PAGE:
Task force wants more teachers certified

The 20-member Next Generation Task Force has found that only one in three of the 18,000 teachers in schools operated by Synod congregations are Synod-certified.  The task force is recommending steps to increase that ratio.

The task force, appointed by Synod President Gerald Kieschnick in 2002, met five times before finishing its work earlier this year.

In his cover letter with the task force’s report to the Synod, Kieschnick said that one of the “chief … challenges is the lack of religious education for many who teach in the schools of our Synod.

“We must regain the enormous potential our schools represent to the critical task of mission outreach in our beloved church,” Kieschnick said.

Dr. D. Ray Halm, the task force’s chairman and senior director of the Concordia University Education Network (CUENet), said that the statistical findings were the result of “the first comprehensive effort in our church to identify precisely the number of teachers in Lutheran classrooms who have not had formal theological training.”

Halm said that the task force worked with the school-ministry office of LCMS District and Congregational Services, districts and the Synod’s Office of Rosters and Statistics to arrive at its statistics.

The Next Generation Task Force is making five recommendations for congregations and others to offer as overtures to floor committees for this year’s Synod convention.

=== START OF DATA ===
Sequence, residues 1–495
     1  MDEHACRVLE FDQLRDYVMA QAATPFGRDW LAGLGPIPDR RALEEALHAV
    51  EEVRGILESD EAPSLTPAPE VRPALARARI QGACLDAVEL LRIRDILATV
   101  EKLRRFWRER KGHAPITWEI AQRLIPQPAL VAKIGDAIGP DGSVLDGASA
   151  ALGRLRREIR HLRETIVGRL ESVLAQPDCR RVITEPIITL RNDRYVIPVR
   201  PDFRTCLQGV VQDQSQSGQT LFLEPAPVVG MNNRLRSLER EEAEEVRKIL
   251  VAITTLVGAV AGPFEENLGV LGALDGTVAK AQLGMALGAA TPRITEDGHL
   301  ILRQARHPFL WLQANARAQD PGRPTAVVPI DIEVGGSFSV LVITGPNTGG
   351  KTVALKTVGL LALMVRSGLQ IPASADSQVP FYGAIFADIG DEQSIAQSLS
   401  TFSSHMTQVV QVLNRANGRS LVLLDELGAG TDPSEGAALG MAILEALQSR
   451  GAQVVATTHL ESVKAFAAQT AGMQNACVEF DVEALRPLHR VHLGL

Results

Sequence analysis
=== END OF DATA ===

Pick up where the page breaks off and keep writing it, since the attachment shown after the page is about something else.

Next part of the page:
In summary, the recommendations call for:

  • increasing the total number of synodically certified teachers by five percent per year over the next decade;

  • changing Synod bylaws “to ease restrictions for enrollment in the Synod’s teacher-colloquy program,” which is offered by LCMS colleges and universities and CUENet;

  • professional workshops “to be drawn from the regular colloquy program to introduce the non-Missouri Synod teacher in an LCMS classroom to the history, ethos, doctrine and practice of our Synod”;

  • adjustments by congregations “to the salary of those teachers who have taken the extra education that synodical certification represents,” and for congregations “to support colloquy students financially in their studies and to issue calls to teacher-colloquy graduates …”; and

  • urging “the congregations of the Synod to recruit future teachers for our Lutheran classrooms in greater numbers and to encourage their enrollment at one of our Concordia colleges or universities.”

Halm said the 20 members of the task force “are great people with superb credentials and hearts for the schools of our congregations.”

Posted Feb. 25, 2004

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